2004 December 16 Thursday
War Funding Cost May Hit $100 Billion In 2005

The burn rate in Iraq looks set to rise substantially.

WASHINGTON -- The Bush administration plans to ask for between $80 billion and $100 billion to fund military operations in Iraq and Afghanistan next year, rather than the $70 billion to $75 billion the White House privately told members of Congress before the election, according to Pentagon and White House officials.

...

In total, $152.6 billion in military funding for Iraq has been provided through the end of this year.

Those statistics do not include emergency money to support the 20,000 US troops in Afghanistan, which brings the total bill to $162.3 billion.

Note that the total to date for Afghanistan is about $10 billion or less than 10%. Given that Afghanistan is a small sideshow the cost for Iraq may be close to $100 billion. In fact, the article quotes John Pike of GlobalSecurity.org saying that the burn rate in Iraq may soon rise to $2 billion a week. At the end of 2005 with $100 billion spent, more lives lost, and more injured and will the insurgency be bigger or smaller than it is now? Can $100 billion kill insurgents faster than new insurgents can join up? We are going to find out.

The article also comments on the Bush Administration's practice of keeping the Iraq war costs out of the regular budget in order to try to reduce the visibility of the war costs. Plus, the article mentions additional costs that will come in order to retool the US military for other duties when the US withdraws from Iraq. There is also the additional cost of medical care for the many injured soldiers who will have lifetime higher costs of medical care and, in some cases, nursing care as a result of injuries suffered in Iraq. I have yet to come across a good estimate of what that cost will total to but I'm guessing it might be in the tens of billions of dollars.

One of the many places the money is going is toward airlift in order to avoid dangerous roads.

Responding to the threat of roadside bombings and ambushes of American ground convoys in Iraq, the Air Force is sharply expanding its airlift of equipment and supplies to bases inside the country to reduce the amount of military cargo hauled over land routes, Air Force officials said on Tuesday.

Dozens of Air Force C-130 and C-17 transports, as well as contracted commercial aircraft, are now ferrying about 450 tons of cargo a day, including spare parts, food, water, medical supplies and other materiel that normally moves by truck or trailers, a 30 percent increase in the past month.

Humvees are being carried from Kuwait to Baghdad in C-130 transports, two to a transport. Think about that. The US military can't even maintain a secure ground supply line up from Kuwait to Baghdad.

Another place the money is going is $4 billion to be spent on better vehicle armor.

Defense officials declined to say how much has already been spent. But they said that in the next six to eight months, they will have spent $4.1 billion to try to make sure that vehicles in Iraq and Afghanistan are those already manufactured with full armor or have had armor added to them. The vast majority are in Iraq.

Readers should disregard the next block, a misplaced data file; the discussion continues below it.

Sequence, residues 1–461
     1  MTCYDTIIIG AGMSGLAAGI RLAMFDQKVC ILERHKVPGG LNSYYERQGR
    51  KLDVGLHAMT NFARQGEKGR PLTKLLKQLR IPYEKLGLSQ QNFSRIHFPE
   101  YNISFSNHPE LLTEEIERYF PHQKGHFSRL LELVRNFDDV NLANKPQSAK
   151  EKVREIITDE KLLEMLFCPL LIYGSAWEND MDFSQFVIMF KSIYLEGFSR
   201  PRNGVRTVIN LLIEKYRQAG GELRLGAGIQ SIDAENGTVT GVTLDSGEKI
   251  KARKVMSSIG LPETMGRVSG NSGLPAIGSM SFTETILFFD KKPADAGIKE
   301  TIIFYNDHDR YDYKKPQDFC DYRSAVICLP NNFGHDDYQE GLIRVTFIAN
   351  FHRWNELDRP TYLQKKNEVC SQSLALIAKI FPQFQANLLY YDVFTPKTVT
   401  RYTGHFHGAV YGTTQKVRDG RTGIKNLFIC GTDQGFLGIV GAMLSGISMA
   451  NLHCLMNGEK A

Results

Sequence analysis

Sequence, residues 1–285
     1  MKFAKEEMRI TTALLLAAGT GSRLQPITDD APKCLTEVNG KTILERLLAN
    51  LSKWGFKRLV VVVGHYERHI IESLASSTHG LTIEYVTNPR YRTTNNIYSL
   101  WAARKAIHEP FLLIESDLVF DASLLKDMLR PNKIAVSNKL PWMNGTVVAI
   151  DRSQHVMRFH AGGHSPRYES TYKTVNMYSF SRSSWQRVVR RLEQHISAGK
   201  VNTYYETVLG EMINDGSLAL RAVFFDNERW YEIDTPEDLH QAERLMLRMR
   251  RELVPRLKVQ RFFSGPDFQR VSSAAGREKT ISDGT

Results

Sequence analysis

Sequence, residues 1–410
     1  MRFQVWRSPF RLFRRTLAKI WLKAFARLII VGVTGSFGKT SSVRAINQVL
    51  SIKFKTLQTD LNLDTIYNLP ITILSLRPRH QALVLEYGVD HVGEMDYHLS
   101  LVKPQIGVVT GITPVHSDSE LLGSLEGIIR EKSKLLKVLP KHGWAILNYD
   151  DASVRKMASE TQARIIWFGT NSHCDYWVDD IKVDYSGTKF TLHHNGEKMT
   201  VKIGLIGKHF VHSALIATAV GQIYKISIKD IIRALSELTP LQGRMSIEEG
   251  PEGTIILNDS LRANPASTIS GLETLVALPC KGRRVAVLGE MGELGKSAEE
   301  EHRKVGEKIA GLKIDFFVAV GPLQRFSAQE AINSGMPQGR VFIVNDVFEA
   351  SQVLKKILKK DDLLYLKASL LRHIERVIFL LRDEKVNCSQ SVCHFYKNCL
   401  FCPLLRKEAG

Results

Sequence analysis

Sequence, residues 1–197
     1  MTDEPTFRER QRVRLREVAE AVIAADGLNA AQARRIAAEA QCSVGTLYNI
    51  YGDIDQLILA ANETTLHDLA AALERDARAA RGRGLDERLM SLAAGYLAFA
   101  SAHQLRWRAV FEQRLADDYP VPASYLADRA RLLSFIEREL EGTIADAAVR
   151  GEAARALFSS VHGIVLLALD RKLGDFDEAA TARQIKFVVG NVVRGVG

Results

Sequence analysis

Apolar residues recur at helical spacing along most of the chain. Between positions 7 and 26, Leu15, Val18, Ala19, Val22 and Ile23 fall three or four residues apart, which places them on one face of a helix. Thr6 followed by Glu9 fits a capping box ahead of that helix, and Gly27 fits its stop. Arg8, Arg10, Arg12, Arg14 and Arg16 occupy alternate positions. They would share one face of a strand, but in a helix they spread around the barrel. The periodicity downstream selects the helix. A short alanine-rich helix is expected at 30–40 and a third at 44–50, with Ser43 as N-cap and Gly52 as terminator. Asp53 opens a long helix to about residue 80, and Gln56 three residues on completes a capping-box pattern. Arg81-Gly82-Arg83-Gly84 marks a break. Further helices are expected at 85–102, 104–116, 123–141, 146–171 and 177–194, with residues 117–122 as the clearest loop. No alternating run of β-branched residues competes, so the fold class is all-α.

Update: The National Guard says it needs $20 billion dollars.

Worn down by the war in Iraq and security demands in the United States, the National Guard announced yesterday that it needs $20 billion in new weapons and equipment over the next three years to continue to meet all its overseas and homeland commitments.

Without the money to "reset" itself, Lt. Gen. H. Steven Blum, the head of the Guard, warned that the reserve force "will be broken and not ready the next time it's needed, either at home or for war."

Guard units are leaving Iraq without their gear so that incoming Guard units have enough to use. Also, the Guard is now understaffed by 10,000 soldiers as active duty soldiers no longer want to join upon leaving active duty. After all, at this point joining the Guard is so likely to cause one to be called it that it like going on active duty but with worse equipment.

Share |      By Randall Parker at 2004 December 16 01:29 AM  Mideast Iraq Costs


Comments
gcochran said at December 17, 2004 1:09 AM:

My favorite argument is that if we didn't blow $100 billion on Iraq, we'd jsut spend on something else useless - i.e. nothing really costs anything. Y'all should be proud of me - I refrained from smacking the silly bitch who said that to me. Wasn't easy.

Lurker said at December 17, 2004 6:44 AM:

We could have used the money to send someone to Mars to plant flags and play golf on the red planet. I think it would have been a better value ).

T. J. Madison said at December 17, 2004 8:59 AM:

Sad to say, I'm afraid the silly bitch had a point. The USG seems to be able to spend money as fast as it can tax and borrow. Of course, this doesn't make this particular $100 billion sinkhole any less stupid.

Invisible Scientist said at December 17, 2004 10:54 AM:

In ancient Greece, the Cynics were a cult of philosophers who used to see the world as it is,
but not necessarily as it should be... But in any case, at least the $500 billion per year defense
budget is mostly spent for the salaries of soldiers, as well as the American defense company fees.
This means that the stocks of the major defense companies are going up, and their dividends are being
increased. In this sense, at least, there is something positive about it.


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